Atlanta man honored with Carnegie Medal for Heroism

Tucker Shields wasn’t thinking about being a hero when he jumped on an armed assailant last summer, knocking the loaded revolver out of his hand and pinning him to the ground until police arrived.

He wasn’t thinking at all. His act of heroism was instant and spontaneous. As a result, Shields was awarded a Carnegie Medal of Heroism, a distinction that will follow him for the rest of his life.

The 23-year-old Atlantan, who was working as a summer law intern in Washington, D.C., at the time, says he was “very lucky” Aug. 31, 2021, turned out as it did.

Shields had just finished up a night out with friends and was leaving the Mission Navy Yard, a bar and restaurant across from the Nationals Park baseball stadium, when he found himself in an unexpected dangerous situation.

While he walked down the street with a friend, Shields called for an Uber and looked down at his phone. When he looked up, he noticed a guy and girl couple about 10 feet away with a man standing awkwardly in front of them.

“I didn’t think too much about it,” Shields said, “and then I glanced back up and saw (the man) had pulled out a revolver and aimed it at the guy’s midsection.”

The gun was pointed at Larry Alkinburg, then 24, who was walking with a female partner. The man had been following the couple for about 50 feet, harassing them and demanding they kiss.

“I didn’t even see what the man looked like,” Shields said. “I just saw the revolver and jumped at him.”

The man shot at Shields but missed. Shields pulled him to the ground, put his hands over his head, took the gun, then put the man’s hands behind his back. Alkinburg helped as they both held the man down until police arrived.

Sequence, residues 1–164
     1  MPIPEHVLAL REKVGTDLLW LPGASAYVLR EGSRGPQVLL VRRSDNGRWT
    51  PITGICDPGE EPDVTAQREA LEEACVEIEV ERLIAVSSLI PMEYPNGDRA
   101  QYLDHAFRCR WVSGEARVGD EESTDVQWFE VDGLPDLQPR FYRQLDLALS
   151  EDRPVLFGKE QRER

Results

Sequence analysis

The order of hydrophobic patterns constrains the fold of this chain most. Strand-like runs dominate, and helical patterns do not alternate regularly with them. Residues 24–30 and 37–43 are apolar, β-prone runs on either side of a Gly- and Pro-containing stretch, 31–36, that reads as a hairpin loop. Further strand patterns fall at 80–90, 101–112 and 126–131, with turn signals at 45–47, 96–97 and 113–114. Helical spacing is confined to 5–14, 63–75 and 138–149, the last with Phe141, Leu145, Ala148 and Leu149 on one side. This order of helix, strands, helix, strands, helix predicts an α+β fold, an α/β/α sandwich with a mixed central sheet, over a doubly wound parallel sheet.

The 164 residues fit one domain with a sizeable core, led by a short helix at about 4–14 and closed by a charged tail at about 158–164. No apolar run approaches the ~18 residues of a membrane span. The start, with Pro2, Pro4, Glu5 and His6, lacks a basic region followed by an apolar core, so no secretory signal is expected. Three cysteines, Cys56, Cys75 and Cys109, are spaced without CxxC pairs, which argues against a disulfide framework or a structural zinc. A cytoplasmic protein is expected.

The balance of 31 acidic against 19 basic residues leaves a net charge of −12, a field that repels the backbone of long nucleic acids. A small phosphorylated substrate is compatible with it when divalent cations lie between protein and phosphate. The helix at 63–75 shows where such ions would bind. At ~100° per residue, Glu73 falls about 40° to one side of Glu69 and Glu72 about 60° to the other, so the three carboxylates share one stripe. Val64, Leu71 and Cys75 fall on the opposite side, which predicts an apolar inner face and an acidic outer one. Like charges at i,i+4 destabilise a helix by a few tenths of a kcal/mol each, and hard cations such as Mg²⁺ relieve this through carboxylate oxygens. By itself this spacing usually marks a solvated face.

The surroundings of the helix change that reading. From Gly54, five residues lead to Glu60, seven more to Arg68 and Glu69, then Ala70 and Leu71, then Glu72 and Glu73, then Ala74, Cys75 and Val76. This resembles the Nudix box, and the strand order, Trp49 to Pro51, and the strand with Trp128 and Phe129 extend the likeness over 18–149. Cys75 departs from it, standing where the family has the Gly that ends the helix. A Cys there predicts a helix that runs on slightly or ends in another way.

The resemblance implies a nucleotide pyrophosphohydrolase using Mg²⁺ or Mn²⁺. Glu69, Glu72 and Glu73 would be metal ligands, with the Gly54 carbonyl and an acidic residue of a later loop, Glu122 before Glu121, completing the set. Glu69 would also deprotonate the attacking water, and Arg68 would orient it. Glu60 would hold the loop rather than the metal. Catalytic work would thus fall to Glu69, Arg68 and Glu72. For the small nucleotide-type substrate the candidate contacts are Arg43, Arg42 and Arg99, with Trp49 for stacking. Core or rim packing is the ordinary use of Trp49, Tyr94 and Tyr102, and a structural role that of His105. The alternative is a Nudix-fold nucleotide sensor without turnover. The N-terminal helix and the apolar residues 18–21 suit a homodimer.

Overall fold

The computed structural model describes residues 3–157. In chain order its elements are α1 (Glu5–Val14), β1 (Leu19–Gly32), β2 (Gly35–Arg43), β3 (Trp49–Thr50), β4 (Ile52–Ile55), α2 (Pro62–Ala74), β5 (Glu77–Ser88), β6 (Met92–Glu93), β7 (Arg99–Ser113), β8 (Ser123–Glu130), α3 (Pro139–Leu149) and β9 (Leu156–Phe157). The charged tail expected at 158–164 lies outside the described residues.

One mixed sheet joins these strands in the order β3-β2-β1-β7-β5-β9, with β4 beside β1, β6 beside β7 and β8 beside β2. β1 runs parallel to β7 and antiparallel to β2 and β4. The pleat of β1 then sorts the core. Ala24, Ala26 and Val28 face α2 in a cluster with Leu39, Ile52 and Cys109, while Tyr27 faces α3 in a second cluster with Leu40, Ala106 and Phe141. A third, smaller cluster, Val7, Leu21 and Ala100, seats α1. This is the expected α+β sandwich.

Shields said law enforcement came quickly after the gun was fired. The assailant was arrested and later plead guilty to several crimes.

That night, Shields spent an hour-and-a-half talking with police, then finally got back to his apartment at about 4 a.m. with chipped front teeth, a bloody face from where his lips had busted open, and a shirt covered in blood. His roommate was still up, watching a movie.

“I’m like, ‘Dude, you’re never going to believe what just happened,’” said Shields.

Later that day, he went over the narrative with his parents, Ralph and Kim Shields of Buckhead. His father said their first response was, “Are you OK?” His mother was upset, and when his grandfather, Carl Volk, heard what happened, he said: “Holy crap, Tucker. Are you trying to get yourself killed?”

“It was really crazy, looking back on it,” Shields said. “I remember very clearly what the revolver looked like. I saw it for a second and just went into a mode and tackled him. I just knew I had to jump in.

“Luckily, I wrestled in high school, which was helpful because otherwise, I don’t know if I would have been as quick to get his hands over his head and behind his back.”

Shields, a recent business graduate from the University of Georgia, was captain of his wrestling team at North Atlanta High School. He also played football and lacrosse, graduating in 2018. He plans to go to law school and is working this summer on Gov. Brian Kemp’s re-election campaign.

Shields is still unsure who nominated him for the Carnegie Medal and didn’t think he would be selected. He said it was a surprise and an honor to learn in June that he was named a recipient. “I could not believe it,” he said.

Alkinburg said Shields is a life saver, and more than deserving of the award.

“What he did that night was a display of true bravery,” Alkinburg said. “He is certainly a hero and I am forever grateful he took action in the face of danger.”

The Carnegie award comes with notoriety and potential financial perks, such as a one-time grant or scholarship aid for the hero or their survivors. Shields said he would look into that as he pursues law school.

Ralph Shields said his son had never been in a fight but always wondered what he would do if confronted with a life or death situation like the one he experienced.

“We’re so proud of him,” Ralph Shields said, “We’re just so grateful he’s alive.”


The Carnegie Hero Fund Commission was started in 1904 by wealthy steel industrialist Andrew Carnegie to recognize civilian heroes.

A Carnegie Medal is given to individuals in the U.S. and Canada who risk death or serious physical injury to an extraordinary degree saving or attempting to save the lives of others.

Since its beginning, 10,000 people have been awarded a Carnegie Medal out of 100,000 nominees. About 20% of the medals are awarded posthumously. Awardees are announced four times a year.